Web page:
Great summary. Thanks for all the work putting this together. It was fun to see some of the old names. You should also select the best player for each group of numbers This one would be easy, #98.
Michigan's Best by Jersey Number: Numbers 91-99
As promised, and suggested, that there be a summary diary post of the winner for best player for each jersey number in this ongoing series I have begun to undertake, this is the first for numbers 91-99 [If I was doing it in reverse I would be going 1-10, 11-20 and so forth] and there is a mix of legends and role players in this set. For two of the numbers, I felt that the top two players were close enough that they deserved to be tied. The Mack/O’Neil tie was a hard one, as O’Neil’s accomplishments were better at Michigan, but how can one fail to call Mack one of the best players ever to put on a Michigan uniform when he started to emerge in his senior year only to become one of the best players at is position ever in the NFL. As for Dyson/Williams the differences between them in terms of their calibre and contribution make it hard to choose between them. I give them the tie.
So far, this has been a fun exercise, and will get more fun as the numbers get smaller. It is more difficult when there are no standouts, but I have learned a lot about many of the program’s fine role players. Many thanks to the Bentley Historical Library, whose database makes this all possible and for Wikipedia, both sites provided much of the bulk of the bio information and stats.
Here they are:
Michigan’s Best by Jersey Number
99 Pierre Woods, DL, OLB, 2001-2005 [wore # 96 in 2001]
As a senior in 2005, played in all 12 games and made five starts at linebacker and made 24 tackles, 11 tackles for loss, three sacks, one pass breakup and two forced fumbles. In 2004, played in 12 games, recording 22 tackles, one tackle for loss and one fumble recovery. As a sophomore in 2003 he had 68 tackles and led team with 14 tackles for loss and seven sacks and was Second-team All-Big Ten after starting all 13 games at outside linebacker. He appeared in all 13 games as a redshirt freshman and did not see any action as a freshman. He was signed as a rookie free agent to the New England Patriots in 2006
98 Tom Harmon, HB, 1938-1940
There was only one player to wear this number in the history of Michigan Football, one of only five retired jersey numbers. This gentleman was a All-American in both 1939 and 1940 and winner of the Heisman Trophy in 1940. As a Halfback, he rushed for 2,134 yards. He led college football in scoring in both 1939 and 1940, a feat that has not been repeated in the history of college football. He also spent time under center, completing 100 passes for 1,304 yards. During his career he played all 60 minutes 8 times. He also was a member of the varsity basketball team for two years. Wikipedia recounts his final game:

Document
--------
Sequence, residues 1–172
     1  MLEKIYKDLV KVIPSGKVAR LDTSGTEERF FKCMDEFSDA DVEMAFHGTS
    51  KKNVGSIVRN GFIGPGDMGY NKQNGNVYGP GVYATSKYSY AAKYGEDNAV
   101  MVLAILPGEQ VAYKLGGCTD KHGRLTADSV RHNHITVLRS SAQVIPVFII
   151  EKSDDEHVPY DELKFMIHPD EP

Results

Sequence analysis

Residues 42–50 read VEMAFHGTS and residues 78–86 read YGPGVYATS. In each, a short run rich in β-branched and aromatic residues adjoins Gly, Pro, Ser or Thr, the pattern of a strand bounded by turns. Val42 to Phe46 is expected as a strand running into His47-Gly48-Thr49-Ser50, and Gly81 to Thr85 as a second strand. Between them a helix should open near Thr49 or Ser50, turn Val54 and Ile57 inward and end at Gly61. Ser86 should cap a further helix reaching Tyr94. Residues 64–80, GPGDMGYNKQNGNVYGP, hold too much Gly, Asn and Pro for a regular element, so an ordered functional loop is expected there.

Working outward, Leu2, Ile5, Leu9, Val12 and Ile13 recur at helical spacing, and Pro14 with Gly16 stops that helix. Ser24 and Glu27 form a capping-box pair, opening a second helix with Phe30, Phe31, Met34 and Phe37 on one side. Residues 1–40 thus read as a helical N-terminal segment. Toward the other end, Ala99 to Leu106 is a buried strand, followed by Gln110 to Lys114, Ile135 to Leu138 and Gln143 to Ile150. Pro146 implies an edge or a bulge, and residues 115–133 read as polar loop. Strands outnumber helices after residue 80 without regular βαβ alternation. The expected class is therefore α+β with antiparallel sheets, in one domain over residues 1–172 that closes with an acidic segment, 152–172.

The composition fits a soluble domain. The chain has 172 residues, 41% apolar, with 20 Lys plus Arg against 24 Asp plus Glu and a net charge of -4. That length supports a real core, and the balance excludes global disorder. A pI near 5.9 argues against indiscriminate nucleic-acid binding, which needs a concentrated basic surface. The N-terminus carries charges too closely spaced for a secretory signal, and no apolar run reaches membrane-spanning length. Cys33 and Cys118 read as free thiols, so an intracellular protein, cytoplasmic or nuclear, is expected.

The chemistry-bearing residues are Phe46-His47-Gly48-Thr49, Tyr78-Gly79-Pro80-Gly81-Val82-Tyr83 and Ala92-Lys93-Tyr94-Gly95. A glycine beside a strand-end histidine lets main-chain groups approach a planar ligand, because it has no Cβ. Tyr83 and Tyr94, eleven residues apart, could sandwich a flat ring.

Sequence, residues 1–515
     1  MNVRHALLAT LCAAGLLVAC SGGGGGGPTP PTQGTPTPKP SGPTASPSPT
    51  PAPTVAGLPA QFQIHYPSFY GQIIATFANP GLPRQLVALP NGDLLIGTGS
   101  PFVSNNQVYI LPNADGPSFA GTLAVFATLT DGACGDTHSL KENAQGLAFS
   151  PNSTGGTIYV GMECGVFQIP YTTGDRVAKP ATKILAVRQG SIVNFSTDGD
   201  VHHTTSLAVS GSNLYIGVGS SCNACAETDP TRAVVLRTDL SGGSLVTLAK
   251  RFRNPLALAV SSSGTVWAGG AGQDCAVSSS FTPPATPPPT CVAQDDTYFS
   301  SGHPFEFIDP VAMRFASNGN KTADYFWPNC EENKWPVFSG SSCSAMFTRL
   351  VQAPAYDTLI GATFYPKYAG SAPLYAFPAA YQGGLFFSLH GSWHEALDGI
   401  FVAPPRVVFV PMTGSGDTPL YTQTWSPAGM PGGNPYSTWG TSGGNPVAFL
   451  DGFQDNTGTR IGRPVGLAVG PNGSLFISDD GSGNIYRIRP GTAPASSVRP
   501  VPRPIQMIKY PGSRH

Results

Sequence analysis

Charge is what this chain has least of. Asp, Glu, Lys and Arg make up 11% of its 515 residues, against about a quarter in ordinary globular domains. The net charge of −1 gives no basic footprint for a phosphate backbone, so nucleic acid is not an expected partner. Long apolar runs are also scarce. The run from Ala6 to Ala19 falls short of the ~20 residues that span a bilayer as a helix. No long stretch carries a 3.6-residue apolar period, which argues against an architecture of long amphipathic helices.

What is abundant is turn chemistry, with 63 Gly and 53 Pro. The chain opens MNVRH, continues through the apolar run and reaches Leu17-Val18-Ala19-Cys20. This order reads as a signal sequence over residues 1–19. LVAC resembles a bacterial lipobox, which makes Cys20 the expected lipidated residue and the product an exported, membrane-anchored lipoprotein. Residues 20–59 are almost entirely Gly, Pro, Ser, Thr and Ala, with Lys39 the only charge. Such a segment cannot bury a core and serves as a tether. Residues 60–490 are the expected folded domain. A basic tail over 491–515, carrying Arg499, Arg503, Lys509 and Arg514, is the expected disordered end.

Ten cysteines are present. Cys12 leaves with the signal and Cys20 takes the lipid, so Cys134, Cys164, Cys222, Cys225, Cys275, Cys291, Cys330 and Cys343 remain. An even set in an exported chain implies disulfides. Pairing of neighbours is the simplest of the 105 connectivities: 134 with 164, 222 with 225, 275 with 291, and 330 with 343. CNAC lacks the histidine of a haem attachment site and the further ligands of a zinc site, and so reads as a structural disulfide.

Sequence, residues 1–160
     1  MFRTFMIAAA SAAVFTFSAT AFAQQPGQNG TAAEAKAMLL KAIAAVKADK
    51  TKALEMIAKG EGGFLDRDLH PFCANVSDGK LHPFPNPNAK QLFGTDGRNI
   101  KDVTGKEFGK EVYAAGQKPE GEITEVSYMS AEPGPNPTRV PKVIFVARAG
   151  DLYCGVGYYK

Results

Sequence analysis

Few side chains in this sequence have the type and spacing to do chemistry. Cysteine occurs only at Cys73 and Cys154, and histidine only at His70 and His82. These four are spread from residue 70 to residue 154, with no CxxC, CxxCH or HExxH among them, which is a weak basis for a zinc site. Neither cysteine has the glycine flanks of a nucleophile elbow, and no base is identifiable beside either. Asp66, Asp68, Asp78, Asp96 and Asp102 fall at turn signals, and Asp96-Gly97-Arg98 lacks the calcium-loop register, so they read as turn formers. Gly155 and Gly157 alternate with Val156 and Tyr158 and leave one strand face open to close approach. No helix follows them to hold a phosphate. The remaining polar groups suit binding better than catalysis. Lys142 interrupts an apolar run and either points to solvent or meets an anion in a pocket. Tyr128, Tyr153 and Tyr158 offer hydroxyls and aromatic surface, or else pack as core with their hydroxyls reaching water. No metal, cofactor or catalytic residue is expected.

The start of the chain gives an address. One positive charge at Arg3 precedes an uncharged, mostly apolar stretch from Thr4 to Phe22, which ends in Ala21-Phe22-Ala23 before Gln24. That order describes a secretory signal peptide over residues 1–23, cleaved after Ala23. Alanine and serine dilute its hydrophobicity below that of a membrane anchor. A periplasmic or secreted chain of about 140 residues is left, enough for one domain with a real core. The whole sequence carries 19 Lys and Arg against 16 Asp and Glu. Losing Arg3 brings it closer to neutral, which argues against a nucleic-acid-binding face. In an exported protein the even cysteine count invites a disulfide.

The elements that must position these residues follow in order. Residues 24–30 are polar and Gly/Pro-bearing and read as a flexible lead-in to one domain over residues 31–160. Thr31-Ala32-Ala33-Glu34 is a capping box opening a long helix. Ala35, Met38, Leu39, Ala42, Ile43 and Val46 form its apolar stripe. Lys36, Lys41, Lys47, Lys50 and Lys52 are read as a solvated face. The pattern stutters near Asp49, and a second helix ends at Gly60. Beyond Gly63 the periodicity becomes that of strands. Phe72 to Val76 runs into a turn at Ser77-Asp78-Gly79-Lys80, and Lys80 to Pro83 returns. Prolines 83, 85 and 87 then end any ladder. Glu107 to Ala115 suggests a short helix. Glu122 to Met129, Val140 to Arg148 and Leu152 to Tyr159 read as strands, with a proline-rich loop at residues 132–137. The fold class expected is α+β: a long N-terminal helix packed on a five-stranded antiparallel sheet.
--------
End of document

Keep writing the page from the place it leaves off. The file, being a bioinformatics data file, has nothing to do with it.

"In his final football game, against Ohio State he led the Wolverines to a 40-0 victory, scoring three rushing touchdowns, two passing touchdowns, four extra points, intercepting three passes, and punting three times for an average of 50 yards. In an unprecedented display of sportsmanship and appreciation, the Ohio State fans in Columbus gave him a standing ovation at game's end. No Wolverine player has been so honored since."
97 Chris Hutchinson, DT, 1989-1992
He started for 38 games as a DT and his best season was 1992, his senior year, where he set the single season record for sack yardage  and tied for number of sacks in a season . He is second on the career sack list with 24 for 188 yards. He was co-captain and team MVP for the year. In addition to earning Big Ten Lineman of the Year and All-American honours for athletics, he was an exemplary student, a three time Academic All Big-Ten award winner, earning both the Dr. Arthur D. Robinson Scholarship Award (given to the team's leading senior scholar), and an NCAA post-graduate scholarship which he used to attend UM Medical School. Here is a man who embodies all the best of what we think when the word "student athlete" comes to mind.
T-96 Calvin O’Neal, LB, 1973-1976
Calvin was twice named All-Big Ten and was a consensus All-American. A co-captain on the 1976 team that was ranked #1 for eight weeks, he was a team leader on defence, setting a season record with 151 tackles in 1975, and had a record 278 tackles for his career. O'Neal combined strength and speed from his inside linebacking spot, making 10 tackles for losses his last two seasons. He also had three interceptions, one a pick-six. He went on to join the Baltimore Colts of the National Football League.
T-96 Thomas Mack, E, 1963-65